“All thirteen stories are well-written with an almost poetic nuance to some of them and this use of words by author Catina Noble brings a depth to the stories that reaches beyond the surface areas of the reader’s mind into the psyche.
“Two stories stayed with me long after I finished the book. I hope to see more from Catina Noble.”—Christina Crowe
“When I pour my heart down on paper there is a record that I am a human being with feelings and no one can judge me right away.
“A lot of people ask me why I write so much and the point behind it. I write because I love it. I write mainly to get thoughts out of my head and sort out how I feel. I am always so confused about everything. I also hope that one day when I no longer exist, someone somewhere will forgive me for all the things I have done wrong and not hold it against me. Hopefully I will answer some questions in my many journals. Maybe this will be helpful to someone else.” — Cat
“The novel’s beautiful message of encouragement reminds us all that no matter how challenging life may get, we can always find a silver lining in the end.”—Amy MacDonald, STAR Program Supervisor, Christie Lake Kids
“Catina Noble has written a coming-of-age novel full of honesty, heart and humour. The dialogue is sharp, and skilfully captures the angst and confusion of the teenage years.”—Sara Dwyer, Executive Director, Russell Heights Community House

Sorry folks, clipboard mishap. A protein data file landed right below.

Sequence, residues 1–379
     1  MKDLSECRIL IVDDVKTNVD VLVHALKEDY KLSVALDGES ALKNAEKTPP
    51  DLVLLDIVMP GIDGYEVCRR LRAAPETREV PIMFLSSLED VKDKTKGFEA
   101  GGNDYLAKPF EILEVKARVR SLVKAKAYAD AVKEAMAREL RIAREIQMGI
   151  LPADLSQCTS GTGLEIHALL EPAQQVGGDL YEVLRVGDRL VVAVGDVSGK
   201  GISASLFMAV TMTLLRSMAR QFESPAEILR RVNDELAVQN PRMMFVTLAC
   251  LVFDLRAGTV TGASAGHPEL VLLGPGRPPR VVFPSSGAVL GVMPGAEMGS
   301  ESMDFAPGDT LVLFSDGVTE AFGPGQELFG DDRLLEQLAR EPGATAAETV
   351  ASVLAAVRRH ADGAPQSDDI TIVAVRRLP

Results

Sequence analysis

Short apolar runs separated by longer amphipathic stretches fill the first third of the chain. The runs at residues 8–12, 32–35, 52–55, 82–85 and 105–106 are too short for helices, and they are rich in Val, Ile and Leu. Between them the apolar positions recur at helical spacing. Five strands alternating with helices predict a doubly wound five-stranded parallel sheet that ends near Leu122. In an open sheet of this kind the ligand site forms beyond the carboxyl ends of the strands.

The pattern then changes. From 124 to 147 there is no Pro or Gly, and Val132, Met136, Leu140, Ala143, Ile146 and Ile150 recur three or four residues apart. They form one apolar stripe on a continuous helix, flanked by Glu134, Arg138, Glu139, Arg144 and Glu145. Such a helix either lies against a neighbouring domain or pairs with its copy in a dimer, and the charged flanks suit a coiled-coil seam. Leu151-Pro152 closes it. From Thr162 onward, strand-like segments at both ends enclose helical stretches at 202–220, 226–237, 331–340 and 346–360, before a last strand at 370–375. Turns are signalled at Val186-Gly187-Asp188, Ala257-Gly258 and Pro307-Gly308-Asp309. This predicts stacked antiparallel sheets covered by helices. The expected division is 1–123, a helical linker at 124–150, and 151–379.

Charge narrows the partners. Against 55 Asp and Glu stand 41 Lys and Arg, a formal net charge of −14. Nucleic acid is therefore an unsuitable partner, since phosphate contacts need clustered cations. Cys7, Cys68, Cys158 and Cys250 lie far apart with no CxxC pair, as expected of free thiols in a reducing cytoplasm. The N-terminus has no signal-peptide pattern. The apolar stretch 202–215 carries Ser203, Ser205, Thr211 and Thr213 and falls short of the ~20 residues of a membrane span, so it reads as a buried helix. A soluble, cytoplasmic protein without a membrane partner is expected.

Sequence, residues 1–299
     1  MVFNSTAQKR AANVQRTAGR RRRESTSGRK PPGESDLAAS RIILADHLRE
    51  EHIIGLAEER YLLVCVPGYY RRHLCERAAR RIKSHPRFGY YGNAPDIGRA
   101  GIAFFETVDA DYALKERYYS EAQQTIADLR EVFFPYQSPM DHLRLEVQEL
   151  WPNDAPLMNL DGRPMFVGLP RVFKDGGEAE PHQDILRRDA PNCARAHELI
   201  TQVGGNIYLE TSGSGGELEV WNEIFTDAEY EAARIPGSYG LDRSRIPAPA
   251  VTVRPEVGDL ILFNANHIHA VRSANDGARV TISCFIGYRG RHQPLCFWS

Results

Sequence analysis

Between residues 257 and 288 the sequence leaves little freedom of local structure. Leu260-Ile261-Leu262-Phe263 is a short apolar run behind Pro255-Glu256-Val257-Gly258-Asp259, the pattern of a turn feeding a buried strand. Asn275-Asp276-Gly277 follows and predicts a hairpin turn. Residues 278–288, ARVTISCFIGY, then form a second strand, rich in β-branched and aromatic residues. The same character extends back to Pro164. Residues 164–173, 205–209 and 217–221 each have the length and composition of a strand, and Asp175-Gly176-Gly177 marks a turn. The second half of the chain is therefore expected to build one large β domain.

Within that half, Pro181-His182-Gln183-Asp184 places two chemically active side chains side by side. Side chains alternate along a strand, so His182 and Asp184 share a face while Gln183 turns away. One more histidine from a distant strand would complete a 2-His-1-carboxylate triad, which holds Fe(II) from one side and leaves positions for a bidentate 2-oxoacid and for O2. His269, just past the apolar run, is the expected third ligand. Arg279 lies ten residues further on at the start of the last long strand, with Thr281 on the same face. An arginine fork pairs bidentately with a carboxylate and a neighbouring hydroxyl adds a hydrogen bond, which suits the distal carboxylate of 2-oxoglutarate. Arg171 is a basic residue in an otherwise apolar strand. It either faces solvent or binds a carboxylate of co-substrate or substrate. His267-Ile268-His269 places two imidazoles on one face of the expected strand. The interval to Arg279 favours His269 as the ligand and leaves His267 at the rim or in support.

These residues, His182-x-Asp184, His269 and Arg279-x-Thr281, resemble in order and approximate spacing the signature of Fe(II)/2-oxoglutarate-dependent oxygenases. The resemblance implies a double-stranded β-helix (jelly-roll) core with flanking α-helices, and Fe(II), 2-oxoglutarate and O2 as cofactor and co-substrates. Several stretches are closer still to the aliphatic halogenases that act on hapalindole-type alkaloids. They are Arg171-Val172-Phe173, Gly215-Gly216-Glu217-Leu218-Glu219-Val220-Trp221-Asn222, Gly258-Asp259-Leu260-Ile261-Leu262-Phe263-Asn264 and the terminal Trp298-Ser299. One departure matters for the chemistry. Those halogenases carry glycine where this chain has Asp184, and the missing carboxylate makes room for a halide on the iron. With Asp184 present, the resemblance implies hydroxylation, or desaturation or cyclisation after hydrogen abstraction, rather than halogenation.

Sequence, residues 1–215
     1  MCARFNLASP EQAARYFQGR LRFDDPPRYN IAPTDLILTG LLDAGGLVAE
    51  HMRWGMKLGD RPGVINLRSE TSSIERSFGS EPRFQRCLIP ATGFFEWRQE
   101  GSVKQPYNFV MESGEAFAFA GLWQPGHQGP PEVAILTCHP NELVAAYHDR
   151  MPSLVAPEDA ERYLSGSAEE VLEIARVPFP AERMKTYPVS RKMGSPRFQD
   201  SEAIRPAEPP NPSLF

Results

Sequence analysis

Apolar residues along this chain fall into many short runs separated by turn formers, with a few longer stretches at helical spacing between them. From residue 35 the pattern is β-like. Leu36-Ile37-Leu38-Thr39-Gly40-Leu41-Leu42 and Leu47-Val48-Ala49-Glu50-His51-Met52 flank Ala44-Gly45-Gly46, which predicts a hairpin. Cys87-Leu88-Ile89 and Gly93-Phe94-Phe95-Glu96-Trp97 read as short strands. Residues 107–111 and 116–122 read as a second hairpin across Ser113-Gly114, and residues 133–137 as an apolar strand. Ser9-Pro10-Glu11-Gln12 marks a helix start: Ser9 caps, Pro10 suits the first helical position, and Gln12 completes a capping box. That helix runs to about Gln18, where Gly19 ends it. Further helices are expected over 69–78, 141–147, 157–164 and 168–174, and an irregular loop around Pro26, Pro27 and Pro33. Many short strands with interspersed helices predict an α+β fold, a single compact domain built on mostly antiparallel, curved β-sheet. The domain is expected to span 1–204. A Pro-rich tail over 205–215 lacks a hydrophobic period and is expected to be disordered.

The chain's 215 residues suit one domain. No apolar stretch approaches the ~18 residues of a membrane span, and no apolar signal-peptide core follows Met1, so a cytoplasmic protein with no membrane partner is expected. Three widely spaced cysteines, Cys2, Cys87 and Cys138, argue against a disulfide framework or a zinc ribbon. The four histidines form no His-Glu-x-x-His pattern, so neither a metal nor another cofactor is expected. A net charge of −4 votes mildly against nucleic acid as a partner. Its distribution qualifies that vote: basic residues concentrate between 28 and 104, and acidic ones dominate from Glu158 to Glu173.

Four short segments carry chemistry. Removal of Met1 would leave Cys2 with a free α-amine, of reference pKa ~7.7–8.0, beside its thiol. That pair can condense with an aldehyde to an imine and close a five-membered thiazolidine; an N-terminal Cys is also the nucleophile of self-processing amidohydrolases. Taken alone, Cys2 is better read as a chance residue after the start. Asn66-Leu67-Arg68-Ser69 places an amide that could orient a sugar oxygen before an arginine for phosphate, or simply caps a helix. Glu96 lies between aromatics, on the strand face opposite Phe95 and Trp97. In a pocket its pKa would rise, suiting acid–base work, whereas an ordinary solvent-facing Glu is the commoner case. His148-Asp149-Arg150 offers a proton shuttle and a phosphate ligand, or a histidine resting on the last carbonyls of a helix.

“In Not Just Me, fifteen-year-old Teal Flint suffers through too many losses, both imagined and real, triggering powerful self-doubts and a profound mistrust all around her.”—Phyllis Bohonis, Romantic Suspense Author, including The Track
“Not Just Me carries the true, honest voice of a fifteen-year-old girl, Teal Flint, as she navigates the complexities of family life, school and growing up. Catina captures both the anguish and the joy of a sensitive young woman's life—her moods are as variable as the wind, with hope always underlying.”—Heather Swail, Intermediate Teacher, ISST, Vincent Massey PS
Catina Noble’s Cat’s Journals are anything but notes on an easy life. Once again, Catina Noble takes us on a journey of determination and courage, this time on the El Camino. Alone. With blisters and a twisted ankle.
The guy beside me on the top bunk, Jamie, noticed my ankle. Mentioned he used to be a doctor and that my ankle looked really bad. He told me, if I weren’t so close to the finish line, he would definitely advise me to stop.
He offered to spray it with some sort of antiseptic stuff that would create a seal all over the blistered area and it would be good for at least twenty-four hours, maybe longer.